Two to be ordained transitional deacons
Candidates are slated to join the priesthood in 2020
By Jill Kruse-Domeyer & Dan Russo
DUBUQUE — Two men from the archdiocese who are currently studying at Mundelein Seminary in Illinois will be ordained transitional deacons May 24 at the Cathedral of St. Raphael in Dubuque. They will become priests in 2020.
Nick Radloff, 33, is the son of Ron and Mary Radloff. He was born in Cascade and spent his grade school years in Charles City, before the family relocated to Dyersville. The Basilica of St. Francis Xavier in Dyersville is his home parish. Radloff has one sister who lives in Minnesota with her husband and two children.
Radloff graduated from Beckman Catholic High School in Dyersville in 2003 and went to St. Louis University to study aerospace engineering. He was part of the Air Force ROTC program there.
Though the priesthood had been something he had thought about since childhood, it wasn’t until college, after a trip to Rome, that Radloff said he began to discern a vocation to the priesthood more seriously. Because of his commitment to the Air Force, however, seminary wasn’t an immediate possibility.
Radloff received his B.S. degree and was commissioned as an officer in 2008, becoming a navigator in the 79th Rescue Squadron. His discernment continued, and he began graduate theology studies while flying full-time. He was deployed three times with the 79th. He left the Air Force when his commitment was complete in 2015 and began seminary the following January. He completed his B.A in philosophy from Loras College in 2017 and his M.A. in theology from Catholic Distance University in 2018. He currently attends Mundelein Seminary, where he has one year of formation remaining.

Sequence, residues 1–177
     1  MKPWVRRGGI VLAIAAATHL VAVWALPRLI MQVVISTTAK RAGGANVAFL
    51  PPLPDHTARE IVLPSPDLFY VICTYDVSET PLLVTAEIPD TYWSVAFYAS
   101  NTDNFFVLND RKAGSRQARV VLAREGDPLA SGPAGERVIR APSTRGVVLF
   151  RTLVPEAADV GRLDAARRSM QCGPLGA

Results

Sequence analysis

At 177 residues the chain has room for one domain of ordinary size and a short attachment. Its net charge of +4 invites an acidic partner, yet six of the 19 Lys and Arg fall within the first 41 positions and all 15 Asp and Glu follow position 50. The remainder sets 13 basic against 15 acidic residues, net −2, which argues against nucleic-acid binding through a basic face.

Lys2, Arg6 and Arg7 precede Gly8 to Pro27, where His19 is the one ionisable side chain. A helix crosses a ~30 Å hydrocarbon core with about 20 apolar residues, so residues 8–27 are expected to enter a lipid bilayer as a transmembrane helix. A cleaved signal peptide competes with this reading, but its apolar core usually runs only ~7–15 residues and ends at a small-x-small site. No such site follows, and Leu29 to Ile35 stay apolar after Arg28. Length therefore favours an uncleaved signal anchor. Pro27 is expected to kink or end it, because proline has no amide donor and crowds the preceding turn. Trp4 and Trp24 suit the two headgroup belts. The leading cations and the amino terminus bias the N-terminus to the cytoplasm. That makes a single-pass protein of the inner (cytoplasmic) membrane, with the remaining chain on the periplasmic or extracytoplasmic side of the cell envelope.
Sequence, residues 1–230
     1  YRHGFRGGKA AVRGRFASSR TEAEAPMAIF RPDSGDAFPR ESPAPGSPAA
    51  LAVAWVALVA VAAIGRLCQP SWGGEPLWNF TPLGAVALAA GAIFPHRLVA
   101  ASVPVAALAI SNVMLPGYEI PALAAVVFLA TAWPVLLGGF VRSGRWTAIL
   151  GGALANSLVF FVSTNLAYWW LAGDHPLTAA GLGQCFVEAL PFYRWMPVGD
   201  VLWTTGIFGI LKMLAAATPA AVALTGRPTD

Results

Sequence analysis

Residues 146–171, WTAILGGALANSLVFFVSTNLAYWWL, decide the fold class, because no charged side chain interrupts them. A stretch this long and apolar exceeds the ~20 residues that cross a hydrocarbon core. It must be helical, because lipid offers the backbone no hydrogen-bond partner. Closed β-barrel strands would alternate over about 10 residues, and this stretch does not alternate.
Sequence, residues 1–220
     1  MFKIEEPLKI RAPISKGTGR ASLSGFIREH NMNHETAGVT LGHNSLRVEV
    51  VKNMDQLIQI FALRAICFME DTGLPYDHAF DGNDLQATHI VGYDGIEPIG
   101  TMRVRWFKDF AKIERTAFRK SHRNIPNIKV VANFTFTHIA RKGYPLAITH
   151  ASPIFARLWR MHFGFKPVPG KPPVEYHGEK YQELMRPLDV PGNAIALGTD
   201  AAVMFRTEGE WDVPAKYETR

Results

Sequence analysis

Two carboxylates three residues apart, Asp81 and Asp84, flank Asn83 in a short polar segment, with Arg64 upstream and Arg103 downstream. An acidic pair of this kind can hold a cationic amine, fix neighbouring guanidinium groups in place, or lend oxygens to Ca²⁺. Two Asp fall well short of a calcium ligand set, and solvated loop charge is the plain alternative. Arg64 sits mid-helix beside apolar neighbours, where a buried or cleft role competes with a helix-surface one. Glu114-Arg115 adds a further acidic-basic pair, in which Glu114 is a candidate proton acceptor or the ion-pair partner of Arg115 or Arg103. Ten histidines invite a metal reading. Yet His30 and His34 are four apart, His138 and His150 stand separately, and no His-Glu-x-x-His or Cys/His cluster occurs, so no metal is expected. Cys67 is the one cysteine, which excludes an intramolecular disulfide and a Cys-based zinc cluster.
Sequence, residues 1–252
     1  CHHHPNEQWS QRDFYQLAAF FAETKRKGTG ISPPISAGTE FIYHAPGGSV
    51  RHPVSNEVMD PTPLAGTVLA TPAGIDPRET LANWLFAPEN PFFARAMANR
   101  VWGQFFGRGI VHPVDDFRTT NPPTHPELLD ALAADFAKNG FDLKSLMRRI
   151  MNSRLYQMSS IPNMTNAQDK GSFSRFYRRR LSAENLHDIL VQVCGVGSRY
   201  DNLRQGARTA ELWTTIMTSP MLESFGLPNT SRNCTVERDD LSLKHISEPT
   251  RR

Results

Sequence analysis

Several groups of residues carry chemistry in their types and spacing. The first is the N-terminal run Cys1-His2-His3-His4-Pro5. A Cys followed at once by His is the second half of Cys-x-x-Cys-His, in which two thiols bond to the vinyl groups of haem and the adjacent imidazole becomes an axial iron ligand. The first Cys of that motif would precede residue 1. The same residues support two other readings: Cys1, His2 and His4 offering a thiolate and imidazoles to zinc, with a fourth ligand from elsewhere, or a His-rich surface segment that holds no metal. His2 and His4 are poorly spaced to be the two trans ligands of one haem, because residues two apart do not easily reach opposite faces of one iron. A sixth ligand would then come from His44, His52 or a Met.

Outside of his seminary studies, Radloff said he still likes to fly as much as possible. He has a private pilot license and wishes to incorporate aviation into his ministry through membership in the National Association of Priest Pilots.
As he prepares for his diaconate ordination and moves a step closer to the priesthood, Radloff said one priest in particular has played an inspirational role in his life — his former pastor, Msgr. Edward Petty. “He taught me what a priest should be and was constantly happy in his life as a priest,” Radloff reflected. “His death in 2007 was a great loss for me, but if I can even be half of what he was to me to other people, I’ll consider that a success.”
Joseph Sevcik, 27, is the son of Joe and Lisa Sevcik. The young man grew up as a member of St. Patrick Parish in Cedar Falls. After graduating from Cedar Falls High School, Sevcik pursued a degree in exercise science from Iowa State University, which he completed in 2014.
During his first year of college, Sevcik recalls that he “experienced this strong and sudden call to priesthood.” He took some more time to discern his vocation before entering the seminary at Loras College shortly after finishing at ISU. He studied philosophy at Loras, completing the program in 2016 before moving on to Mundelein.
“All these years of study have taught me so much appreciation for all of the Catholic tradition throughout the centuries,” he said.
Outside of his studies, Sevcik is an ISU Cyclones fan who enjoys following college basketball. He also likes running, hiking, and searching for bakeries with quality donuts and other pastries.
Sevcik has had many positive influences on his journey of faith, including the Scripture professors at his seminary and Father David Schatz, a priest of the archdiocese. He also credits the work of Bishop Robert Barron, St. Therese of Lisieux and Blessed John Henry Newman for enhancing his spiritual life. During his final year of formation, Sevcik is striving to prepare well for his first assignment to a parish as a priest, where he looks forward to “being able to invest in people’s lives.”
“I know people appreciate good preaching, so I’m hoping to practice a lot and be a good preacher,” he said. “I want to grow into the role of being a priest and spiritual father.”